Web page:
There was an interesting exchange of ideas I witnessed today. The crux of the issue was someone trying to understand the benefits of the Model View Controller (MVC) pattern as socialized by Microsoft. Having some interest in the subject, I watched it grow from a comparison with Event Driven Architecture (a complete misnomer) to contrasting with Model View Presenter (a new flavor of old idea), to just plain batting around the technical merits of various implementations of these common concepts. As one person after another jumped on the band-wagon, virtually everyone had something insightful and technical to say. But none of them brought it back to the business problems. This troubled me as it was indicative of the way we forget that we are in the business of software development. Not just doing software development. Here was my contribution:
On many systems we see that there are really two types of logic often treated as the same while they are very different. The first type are UI rules which I’ve seen loosely defined as how we paint screens and provide rich user experience. Then there are business rules which I’ve seen loosely defined as how we manage the data and interactions with the services or repository of the system.
Because we tend to not treat these separately, we also tend to see them tied very closely together in designs and implementations. This presents multiple challenges such as making it harder to encapsulate logic and reuse it and the breadth of knowledge grows (i.e. you need to know UI programming and API/data model programming). MVC is one pattern that attempts to address these challenges, and there are many other patterns that address them as well. Get ready for the twist...
On projects with lots of UI rules that are tied closely with lots of business rules, these challenges are compounded. Especially when you consider how we can go about testing all that intertwined code.
There is lots of anecdotal evidence to support that testability remains one of the biggest challenges on projects with hundreds of interfaces. When looking at the cost/benefit of different designs for large applications we have repeatedly seen cost of testability to be one of the single biggest factors in terms of monetary impact. We can argue a design on technical merits all day long and have differing subjective opinions, but we are in the business of software so we have to be able to quantify the impact of a design in terms of cost also. My personal experience has found that the cost to test is one of the most easily overlooked. Having no one else on this thread bring up the subject as a crucial factor sort of reinforces my point.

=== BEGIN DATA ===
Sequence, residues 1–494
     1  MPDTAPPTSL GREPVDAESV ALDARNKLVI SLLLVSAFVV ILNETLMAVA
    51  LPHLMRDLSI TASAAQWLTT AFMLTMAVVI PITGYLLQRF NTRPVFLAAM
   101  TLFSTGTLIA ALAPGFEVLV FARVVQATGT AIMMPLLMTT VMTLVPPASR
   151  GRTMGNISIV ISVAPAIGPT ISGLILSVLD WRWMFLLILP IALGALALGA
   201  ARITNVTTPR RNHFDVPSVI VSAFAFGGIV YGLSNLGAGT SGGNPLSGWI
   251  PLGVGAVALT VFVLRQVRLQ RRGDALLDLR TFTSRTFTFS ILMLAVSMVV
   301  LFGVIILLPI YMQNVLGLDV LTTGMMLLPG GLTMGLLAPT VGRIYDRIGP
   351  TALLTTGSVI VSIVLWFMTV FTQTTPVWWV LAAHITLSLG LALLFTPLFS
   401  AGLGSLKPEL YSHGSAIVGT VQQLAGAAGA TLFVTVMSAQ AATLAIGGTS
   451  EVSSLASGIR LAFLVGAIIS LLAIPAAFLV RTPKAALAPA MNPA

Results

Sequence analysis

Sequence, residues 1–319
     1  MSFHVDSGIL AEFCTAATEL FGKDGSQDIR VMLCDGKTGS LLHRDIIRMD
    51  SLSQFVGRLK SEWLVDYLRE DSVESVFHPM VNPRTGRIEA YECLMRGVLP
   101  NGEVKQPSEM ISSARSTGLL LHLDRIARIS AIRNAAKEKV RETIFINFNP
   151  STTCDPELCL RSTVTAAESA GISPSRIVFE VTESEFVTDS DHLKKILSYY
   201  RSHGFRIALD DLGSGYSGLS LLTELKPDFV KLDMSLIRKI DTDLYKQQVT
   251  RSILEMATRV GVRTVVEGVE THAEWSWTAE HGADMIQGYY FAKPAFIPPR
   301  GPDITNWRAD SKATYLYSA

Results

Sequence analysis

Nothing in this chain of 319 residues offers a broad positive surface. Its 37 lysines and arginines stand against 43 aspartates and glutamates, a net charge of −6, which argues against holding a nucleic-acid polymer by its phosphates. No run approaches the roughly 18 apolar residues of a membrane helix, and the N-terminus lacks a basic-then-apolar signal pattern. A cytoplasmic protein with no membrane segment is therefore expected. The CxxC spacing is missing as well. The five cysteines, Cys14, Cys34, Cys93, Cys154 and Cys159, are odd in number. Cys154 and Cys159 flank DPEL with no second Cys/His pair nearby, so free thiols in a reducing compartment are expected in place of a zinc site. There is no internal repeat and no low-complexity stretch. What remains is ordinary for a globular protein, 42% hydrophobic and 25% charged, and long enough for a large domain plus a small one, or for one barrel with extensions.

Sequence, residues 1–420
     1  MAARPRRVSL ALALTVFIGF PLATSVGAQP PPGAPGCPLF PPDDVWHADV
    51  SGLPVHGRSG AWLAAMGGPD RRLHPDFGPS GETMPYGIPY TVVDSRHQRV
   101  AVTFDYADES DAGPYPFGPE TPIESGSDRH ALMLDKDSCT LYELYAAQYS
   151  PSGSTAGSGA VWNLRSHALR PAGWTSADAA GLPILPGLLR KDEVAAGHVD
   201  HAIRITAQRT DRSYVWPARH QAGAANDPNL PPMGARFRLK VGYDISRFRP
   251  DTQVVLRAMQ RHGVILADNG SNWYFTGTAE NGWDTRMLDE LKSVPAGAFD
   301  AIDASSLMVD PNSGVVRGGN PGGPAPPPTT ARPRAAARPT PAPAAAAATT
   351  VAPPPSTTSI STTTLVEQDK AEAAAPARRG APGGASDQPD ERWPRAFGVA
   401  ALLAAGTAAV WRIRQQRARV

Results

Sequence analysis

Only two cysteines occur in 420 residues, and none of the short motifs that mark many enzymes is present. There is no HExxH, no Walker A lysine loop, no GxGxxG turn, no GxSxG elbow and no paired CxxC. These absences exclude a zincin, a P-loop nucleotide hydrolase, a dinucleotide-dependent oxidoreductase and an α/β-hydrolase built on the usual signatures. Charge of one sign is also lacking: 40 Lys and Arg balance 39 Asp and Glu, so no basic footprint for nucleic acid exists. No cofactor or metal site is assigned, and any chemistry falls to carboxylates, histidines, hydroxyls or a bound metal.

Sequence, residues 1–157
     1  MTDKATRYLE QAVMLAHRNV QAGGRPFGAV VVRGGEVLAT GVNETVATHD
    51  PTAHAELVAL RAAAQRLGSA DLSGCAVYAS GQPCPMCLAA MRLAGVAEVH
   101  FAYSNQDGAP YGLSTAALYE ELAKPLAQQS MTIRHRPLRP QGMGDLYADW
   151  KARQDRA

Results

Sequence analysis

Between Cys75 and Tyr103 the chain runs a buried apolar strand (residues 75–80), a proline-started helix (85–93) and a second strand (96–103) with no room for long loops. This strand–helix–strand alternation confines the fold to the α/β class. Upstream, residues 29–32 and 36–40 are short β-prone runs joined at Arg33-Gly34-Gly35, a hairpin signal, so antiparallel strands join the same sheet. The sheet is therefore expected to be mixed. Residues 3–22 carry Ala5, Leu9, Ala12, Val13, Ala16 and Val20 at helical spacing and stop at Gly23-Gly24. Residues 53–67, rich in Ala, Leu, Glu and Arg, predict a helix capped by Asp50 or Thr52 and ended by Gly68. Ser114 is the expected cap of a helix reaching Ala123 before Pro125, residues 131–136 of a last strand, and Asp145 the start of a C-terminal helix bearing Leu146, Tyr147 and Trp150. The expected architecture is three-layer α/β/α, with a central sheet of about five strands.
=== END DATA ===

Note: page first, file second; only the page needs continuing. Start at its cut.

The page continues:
Being able to write automated tests is imperative when we have hundreds of UIs. Separating the two types of code means it is significantly easier (read: less time, less custom skill, less money) to craft the thousands of test cases required and the controller logic can be run without additional user windows and workstations. This is because the test cases are standard API code, not rich UI code. In these cases the UI acts as the test without providing an actual UI, instead it just executes the controller to test the business rules.
It doesn’t just make the tests of business logic easier to write, maintain and reuse, it can actually increase code coverage allowing us to get to exception areas of the code that default UI logic would prohibit. For example the UI rules for the initial type of application being constructed don’t allow certain behaviors. However, the controller must be able handle them so that other types of UIs can also be crafted. If we only test against the UI directly (read: the actual UI we are delivering to the users in the first release), we won’t test those hard to reach places. If we don’t test those hard to reach places then when we finally do build the second or third kind of interface and it reaches there, we find new bugs in code we thought was tested well. Automating the controllers allows us to minimize this risk.
To sum up: yes the MVC-class of pattern allows us to encapsulate logic, and yes it can provide significant reuse of code, and very definitely yes it can be argued as good design. But in business terms, we often forget to make the leap to testability as a primary motivator when time to quality gets really small.
Too often we swap our opinions on technical subjects from our ivory towers without considering the business factors that should be influencing us.